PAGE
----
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$$\sum_{n=1}^\infty \cos(n\pi)\sin\left(\frac{\pi}{\sqrt {n}}\right)$$

I know that to show that a series is conditionally convergent, I will have to show that the series is convergent, and also show that the absolute value of the series is divergent.

I am able to show that $$\sum_{n=1}^\infty \cos(n\pi)\sin\left(\frac{\pi}{ \sqrt n}\right)$$ is convergent using the alternating series test, where the limit is equals to 0 and the expression is non-increasing. But I have no idea how to show that the absolute value of the series is divergent. Please correct me if my concept is wrong.

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  • $\begingroup$ Hint: for large $n$, $\sin(\pi/\sqrt n)\approx\pi/\sqrt n$. $\endgroup$ – Yves Daoust Oct 11 '17 at 8:25
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you can use Dirichlet's test: $sin(\frac{\pi}{\sqrt n}) $ is monotonic and $lim_{n\to \infty} sin(\frac{\pi}{\sqrt n}) = 0$ also we shell see that $\forall m > 1 \exists M >= 0 :| \sum_{n=1}^{m} cos(n\pi) | < M$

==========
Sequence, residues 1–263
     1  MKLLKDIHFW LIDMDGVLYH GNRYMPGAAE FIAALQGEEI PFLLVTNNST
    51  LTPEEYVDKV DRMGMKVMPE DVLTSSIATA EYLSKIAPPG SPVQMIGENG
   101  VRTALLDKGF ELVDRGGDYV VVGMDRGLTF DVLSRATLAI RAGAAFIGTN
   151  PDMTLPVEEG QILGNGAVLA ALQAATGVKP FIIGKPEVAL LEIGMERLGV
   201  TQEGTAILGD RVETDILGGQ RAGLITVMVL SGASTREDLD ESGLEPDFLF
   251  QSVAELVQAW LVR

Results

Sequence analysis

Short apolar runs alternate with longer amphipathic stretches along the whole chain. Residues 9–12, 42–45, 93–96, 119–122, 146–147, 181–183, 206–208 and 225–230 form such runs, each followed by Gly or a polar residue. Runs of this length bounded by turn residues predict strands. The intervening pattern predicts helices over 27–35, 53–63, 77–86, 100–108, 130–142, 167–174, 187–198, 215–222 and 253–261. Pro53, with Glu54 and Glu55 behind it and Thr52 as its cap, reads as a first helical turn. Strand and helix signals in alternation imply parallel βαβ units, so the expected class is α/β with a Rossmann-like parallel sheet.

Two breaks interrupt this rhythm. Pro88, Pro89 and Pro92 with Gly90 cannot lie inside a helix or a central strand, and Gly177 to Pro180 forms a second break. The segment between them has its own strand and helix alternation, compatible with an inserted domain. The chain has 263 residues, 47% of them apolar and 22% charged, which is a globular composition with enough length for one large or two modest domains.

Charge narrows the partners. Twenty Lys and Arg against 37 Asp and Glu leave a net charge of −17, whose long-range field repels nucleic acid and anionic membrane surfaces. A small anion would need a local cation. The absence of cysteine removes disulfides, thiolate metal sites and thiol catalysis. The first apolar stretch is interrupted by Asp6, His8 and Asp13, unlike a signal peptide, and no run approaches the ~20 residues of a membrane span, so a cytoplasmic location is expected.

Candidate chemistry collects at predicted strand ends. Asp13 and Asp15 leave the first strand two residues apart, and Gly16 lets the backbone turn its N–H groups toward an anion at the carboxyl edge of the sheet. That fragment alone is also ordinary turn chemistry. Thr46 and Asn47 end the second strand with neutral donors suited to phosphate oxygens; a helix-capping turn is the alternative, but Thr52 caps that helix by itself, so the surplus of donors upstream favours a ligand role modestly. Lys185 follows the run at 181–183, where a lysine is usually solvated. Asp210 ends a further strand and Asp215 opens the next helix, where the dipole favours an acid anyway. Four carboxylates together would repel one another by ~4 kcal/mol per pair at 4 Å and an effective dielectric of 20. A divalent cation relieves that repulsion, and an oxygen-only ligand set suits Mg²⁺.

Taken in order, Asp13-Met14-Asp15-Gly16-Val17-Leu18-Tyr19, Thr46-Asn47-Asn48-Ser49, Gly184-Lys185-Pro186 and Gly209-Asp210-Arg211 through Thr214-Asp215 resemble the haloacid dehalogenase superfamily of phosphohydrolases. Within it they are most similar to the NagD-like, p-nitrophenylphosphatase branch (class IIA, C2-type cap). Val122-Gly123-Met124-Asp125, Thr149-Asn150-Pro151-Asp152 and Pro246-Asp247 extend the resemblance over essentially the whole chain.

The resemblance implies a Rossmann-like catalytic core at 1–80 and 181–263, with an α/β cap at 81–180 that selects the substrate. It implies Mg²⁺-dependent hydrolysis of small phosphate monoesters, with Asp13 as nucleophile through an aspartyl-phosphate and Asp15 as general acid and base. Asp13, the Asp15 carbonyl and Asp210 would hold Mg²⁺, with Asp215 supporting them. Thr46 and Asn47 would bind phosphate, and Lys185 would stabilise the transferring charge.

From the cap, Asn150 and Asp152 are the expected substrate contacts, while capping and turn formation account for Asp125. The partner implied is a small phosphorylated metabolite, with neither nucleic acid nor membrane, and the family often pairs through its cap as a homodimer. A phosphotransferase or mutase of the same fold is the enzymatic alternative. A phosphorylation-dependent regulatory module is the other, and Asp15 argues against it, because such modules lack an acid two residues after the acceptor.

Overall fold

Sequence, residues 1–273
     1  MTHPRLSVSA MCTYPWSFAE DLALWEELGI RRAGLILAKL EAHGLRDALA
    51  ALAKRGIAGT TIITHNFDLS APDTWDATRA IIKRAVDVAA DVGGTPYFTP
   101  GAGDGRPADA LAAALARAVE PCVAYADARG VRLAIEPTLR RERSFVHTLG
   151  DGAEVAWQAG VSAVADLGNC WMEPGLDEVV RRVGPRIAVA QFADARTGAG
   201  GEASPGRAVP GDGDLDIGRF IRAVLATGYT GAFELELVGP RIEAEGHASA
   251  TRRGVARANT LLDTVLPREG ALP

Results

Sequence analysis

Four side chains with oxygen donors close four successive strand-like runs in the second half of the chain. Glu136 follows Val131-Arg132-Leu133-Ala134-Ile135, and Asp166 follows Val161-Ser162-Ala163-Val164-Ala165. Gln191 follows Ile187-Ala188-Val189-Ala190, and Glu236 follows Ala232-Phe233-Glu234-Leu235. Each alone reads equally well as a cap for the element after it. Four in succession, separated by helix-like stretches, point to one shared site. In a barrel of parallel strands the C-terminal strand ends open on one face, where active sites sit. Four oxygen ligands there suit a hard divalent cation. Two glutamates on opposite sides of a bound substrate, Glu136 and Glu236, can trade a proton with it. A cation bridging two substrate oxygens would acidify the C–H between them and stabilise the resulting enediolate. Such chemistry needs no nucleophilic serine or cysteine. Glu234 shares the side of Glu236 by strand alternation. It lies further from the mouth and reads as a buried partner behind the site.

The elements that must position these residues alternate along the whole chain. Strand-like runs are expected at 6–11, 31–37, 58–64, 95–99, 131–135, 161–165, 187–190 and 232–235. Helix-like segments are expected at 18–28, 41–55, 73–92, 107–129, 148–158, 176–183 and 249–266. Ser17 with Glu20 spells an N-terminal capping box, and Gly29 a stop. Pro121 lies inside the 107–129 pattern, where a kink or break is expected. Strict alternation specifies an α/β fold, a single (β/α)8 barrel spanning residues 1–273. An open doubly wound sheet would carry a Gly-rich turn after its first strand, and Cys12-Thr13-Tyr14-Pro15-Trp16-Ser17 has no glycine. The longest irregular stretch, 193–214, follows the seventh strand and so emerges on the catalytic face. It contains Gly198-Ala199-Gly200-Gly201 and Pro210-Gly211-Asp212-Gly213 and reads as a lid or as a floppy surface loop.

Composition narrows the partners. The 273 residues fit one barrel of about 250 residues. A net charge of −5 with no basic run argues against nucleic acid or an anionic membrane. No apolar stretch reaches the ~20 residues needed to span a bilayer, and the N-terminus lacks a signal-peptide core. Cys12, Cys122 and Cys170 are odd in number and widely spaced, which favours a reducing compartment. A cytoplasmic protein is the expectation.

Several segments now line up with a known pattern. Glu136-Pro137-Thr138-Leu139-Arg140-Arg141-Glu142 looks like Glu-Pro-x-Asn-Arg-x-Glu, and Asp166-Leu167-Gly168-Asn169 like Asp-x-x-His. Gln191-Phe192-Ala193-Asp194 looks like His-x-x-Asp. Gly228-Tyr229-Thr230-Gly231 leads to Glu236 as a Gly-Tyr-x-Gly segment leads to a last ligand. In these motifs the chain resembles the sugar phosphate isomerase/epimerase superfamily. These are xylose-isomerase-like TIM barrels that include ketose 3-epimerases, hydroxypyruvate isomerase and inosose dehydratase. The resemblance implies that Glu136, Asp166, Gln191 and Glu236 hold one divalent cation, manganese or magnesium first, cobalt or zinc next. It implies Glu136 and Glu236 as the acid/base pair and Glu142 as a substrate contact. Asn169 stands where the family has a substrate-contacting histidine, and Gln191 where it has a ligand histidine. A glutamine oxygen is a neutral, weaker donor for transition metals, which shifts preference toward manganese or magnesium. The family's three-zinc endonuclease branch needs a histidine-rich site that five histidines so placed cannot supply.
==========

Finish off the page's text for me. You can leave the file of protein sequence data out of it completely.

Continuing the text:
we know that : $| \sum_{n=1}^{m} cos(n\pi) | (*) <= |\frac{1}{2} ((-1)^m-1)| <= 3 = M $

put notice that we can infer (*) from the integral test (or any other) - it is pretty simple i believe you can do it yourself

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When $n\geq4$ then ${\pi\over\sqrt{n}}\leq{\pi\over2}$, hence $n\mapsto \sin{\pi\over\sqrt{n}}>0$ is monotonically decreasing to $0$ when $n\geq4$. As $\cos(\pi n)=(-1)^n$ the given series therefore satisfies for all practical purposes the assumptions of the alternating series theorem, therefore is at least conditionally convergent.

When $0\leq x\leq{\pi\over2}$ then $\sin x\geq{2x\over\pi}$. It follows that $$\sin{\pi\over\sqrt{n}}\geq{2\over\sqrt{n}}\qquad(n\geq4)\ ,$$ and this allows to conclude that the given series is not absolutely convergent.

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